Diatribes of Jay

This is a blog of essays on public policy. It shuns ideology and applies facts, logic and math to economic, social and political problems. It has a subject-matter index, a list of recent posts, and permalinks at the ends of posts. Comments are moderated and may take time to appear. Note: Profile updated 4/7/12

03 December 2014

How Long Will Global Oil Last?


[To jump to the table, click here.]

Two months ago, I published an essay analyzing why pension funds and universities should divest their investments in fossil fuels. Now, with oil prices having plummeted nearly one-quarter, I look like a savant.

But in fact I’m not that smart. Nor, apparently, were others. What I did predict was that, with global supply and global demand for oil and natural gas precariously balanced, prices for these fossil fuels will be volatile for the foreseeable future, until their prices spike irrevocably just before they run out globally. I also noted that near-term factors would put downward, rather than upward, pressure on oil prices. But I could not calculate precisely when the near-term drop would come or how big it would be: there were too many variables. (As it turned out, I lost some money.)

What I did argue—and what remains as accurate as my general near-term prediction of falling prices—is that oil and natural gas are going to run out. To quote Will Rogers’ famous quip about land, “They ain’t makin’ any more [fossil fuels].” Just as we didn’t know precisely when the expected oil-price drop would come, we don’t know precisely when oil will run out.

But we do know three things. First, oil will almost certainly run out some time in the next century, likely in the next half-century. Second, when it does, humanity will be left with a gargantuan and mostly useless stranded infrastructure, which will have to be abandoned or repurposed at great expense. The stranded infrastructure will include all the world’s present and future oil-exploration equipment, derricks, drilling equipment, tankers, pipelines, refineries, airplanes, and non-electric cars, trucks and locomotives, plus the factories to make them all. Third, we Yanks will have been among the chief global cheerleaders for ignoring these two facts and failing to plan for humanity’s future.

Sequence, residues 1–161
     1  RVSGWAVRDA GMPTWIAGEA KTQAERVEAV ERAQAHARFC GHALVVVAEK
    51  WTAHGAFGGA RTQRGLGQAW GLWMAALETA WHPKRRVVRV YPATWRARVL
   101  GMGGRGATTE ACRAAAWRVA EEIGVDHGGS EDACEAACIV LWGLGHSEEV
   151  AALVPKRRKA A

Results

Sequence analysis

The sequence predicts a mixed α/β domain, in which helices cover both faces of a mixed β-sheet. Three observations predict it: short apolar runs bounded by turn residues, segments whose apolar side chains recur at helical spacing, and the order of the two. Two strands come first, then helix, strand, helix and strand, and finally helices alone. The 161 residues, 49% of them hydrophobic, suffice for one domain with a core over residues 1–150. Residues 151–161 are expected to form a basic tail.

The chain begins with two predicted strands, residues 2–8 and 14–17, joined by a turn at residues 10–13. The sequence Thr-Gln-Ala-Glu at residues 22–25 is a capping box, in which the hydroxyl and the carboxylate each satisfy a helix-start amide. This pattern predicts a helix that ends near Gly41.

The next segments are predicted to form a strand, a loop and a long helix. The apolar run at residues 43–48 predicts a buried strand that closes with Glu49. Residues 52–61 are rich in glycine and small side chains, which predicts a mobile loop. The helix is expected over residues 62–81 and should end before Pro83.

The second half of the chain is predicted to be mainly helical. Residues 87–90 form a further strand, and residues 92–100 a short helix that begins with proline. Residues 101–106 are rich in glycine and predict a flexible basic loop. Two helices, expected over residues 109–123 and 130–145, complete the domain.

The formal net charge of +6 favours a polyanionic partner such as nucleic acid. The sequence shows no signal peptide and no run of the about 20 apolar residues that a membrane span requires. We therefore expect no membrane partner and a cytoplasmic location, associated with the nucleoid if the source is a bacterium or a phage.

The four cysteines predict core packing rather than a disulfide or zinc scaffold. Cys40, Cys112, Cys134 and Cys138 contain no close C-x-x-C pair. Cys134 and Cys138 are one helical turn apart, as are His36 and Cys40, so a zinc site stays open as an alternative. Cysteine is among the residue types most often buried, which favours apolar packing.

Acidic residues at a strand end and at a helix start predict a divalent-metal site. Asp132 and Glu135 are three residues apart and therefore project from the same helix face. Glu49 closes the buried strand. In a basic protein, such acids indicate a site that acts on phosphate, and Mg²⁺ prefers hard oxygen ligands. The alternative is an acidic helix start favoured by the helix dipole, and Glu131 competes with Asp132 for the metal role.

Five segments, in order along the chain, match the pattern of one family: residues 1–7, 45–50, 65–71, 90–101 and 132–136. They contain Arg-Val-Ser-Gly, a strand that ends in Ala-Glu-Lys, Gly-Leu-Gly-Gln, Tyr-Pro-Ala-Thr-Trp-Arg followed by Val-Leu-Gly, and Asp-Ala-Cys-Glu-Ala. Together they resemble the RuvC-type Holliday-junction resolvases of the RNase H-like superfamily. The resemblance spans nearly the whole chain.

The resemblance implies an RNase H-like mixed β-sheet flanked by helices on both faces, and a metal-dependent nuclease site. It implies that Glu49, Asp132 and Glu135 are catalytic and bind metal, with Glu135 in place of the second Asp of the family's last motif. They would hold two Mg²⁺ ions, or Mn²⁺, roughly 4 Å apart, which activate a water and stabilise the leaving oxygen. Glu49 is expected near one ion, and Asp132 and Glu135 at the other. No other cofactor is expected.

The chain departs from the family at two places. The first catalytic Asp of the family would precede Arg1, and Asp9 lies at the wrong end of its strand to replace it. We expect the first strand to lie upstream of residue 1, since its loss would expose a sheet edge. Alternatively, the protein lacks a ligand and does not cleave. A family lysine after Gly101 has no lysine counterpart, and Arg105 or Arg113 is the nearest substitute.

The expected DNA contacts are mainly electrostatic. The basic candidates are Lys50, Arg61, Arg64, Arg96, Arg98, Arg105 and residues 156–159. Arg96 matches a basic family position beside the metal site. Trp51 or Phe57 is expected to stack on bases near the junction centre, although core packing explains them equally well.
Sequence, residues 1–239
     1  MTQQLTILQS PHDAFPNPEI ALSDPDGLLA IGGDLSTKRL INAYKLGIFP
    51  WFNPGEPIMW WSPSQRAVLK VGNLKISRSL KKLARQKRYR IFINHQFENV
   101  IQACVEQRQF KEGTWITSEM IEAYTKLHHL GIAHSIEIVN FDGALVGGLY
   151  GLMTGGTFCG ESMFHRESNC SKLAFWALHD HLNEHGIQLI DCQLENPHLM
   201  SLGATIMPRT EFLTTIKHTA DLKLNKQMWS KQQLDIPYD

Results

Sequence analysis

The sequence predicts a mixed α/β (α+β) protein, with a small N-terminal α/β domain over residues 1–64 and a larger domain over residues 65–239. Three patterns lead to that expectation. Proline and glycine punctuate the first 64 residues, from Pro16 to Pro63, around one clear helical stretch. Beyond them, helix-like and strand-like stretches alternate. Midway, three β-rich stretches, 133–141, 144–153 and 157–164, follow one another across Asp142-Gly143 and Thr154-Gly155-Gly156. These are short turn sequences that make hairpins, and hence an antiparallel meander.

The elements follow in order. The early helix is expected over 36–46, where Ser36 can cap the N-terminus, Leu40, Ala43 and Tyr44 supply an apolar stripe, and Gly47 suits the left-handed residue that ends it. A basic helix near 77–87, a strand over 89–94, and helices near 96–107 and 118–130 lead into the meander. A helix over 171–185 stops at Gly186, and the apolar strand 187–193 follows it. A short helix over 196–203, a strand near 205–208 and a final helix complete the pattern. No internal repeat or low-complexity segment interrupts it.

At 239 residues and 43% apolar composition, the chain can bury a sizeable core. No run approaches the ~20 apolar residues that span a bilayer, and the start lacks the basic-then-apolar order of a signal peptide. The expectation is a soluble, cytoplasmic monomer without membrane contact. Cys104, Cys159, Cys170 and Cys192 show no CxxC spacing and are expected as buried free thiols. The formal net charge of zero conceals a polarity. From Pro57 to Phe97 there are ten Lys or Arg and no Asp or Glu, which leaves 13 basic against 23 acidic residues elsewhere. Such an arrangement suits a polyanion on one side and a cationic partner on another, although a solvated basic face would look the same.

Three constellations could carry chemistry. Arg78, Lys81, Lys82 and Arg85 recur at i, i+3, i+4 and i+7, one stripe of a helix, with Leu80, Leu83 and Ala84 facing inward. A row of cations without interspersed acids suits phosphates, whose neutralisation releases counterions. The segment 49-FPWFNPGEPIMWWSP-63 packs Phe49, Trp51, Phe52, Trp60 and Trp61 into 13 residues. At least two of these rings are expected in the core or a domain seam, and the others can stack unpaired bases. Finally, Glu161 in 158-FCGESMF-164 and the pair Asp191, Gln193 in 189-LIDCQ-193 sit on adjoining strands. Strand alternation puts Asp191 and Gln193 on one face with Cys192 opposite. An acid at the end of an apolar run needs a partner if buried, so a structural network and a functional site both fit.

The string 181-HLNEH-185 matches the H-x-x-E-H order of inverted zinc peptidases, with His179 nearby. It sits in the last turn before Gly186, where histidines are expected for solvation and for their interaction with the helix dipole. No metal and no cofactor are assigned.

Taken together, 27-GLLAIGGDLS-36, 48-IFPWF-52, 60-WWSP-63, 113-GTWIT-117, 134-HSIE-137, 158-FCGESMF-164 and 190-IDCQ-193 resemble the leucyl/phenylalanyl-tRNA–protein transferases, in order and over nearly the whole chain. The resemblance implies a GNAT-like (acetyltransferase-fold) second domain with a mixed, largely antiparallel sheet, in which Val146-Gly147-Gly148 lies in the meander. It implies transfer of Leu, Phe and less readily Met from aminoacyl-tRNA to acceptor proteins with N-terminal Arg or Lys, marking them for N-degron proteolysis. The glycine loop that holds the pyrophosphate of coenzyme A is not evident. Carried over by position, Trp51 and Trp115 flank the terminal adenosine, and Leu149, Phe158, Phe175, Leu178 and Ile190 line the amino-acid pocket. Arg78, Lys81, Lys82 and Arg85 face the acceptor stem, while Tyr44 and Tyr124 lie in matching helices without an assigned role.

In that earlier essay, I recounted a calculation I had done earlier for natural gas, at least what our Yankee territory has. If you take just current US energy-consumption figures, without increases (let alone compounding), you can calculate how long our known Yankee natural-gas reserves will last, including generous estimates for all our “frackable” resources. If you do that, you get the following table:

Working Life of All US Natural-Gas Reserves, Including “Fracked” Gas, Based on 2012 Consumption Rates

Use(s) of US Natural GasTotal “Burn Rate”
(Quadrillion BTU per year)
Resulting Life of Reserves
(years)
Present Uses (mostly
heating and industry)
22.61117
Present Uses and Replacing Electric Coal41.1964
Present Uses and
Replacing Transportation Oil
49.7553
Present Uses and Replacing
Both Electric Coal and Transportation Oil
68.3339

And all these numbers will decrease proportionately to any fraction of our reserves that we Yanks sell abroad.

At the time, I hadn’t yet done a similar calculation for oil. But it’s easy to do. OPEC has helpfully given us a simple chart of known global oil reserves for 2013, with generous estimates of OPEC’s own. And our own Yankee Energy Information Administration has given us a good figure [scroll down in chart to “world”] for global consumption of oil: 90.376 million barrels a day for 2013, or 32.987 billion barrels per year, increasing at a recent rate of more than 1% per year.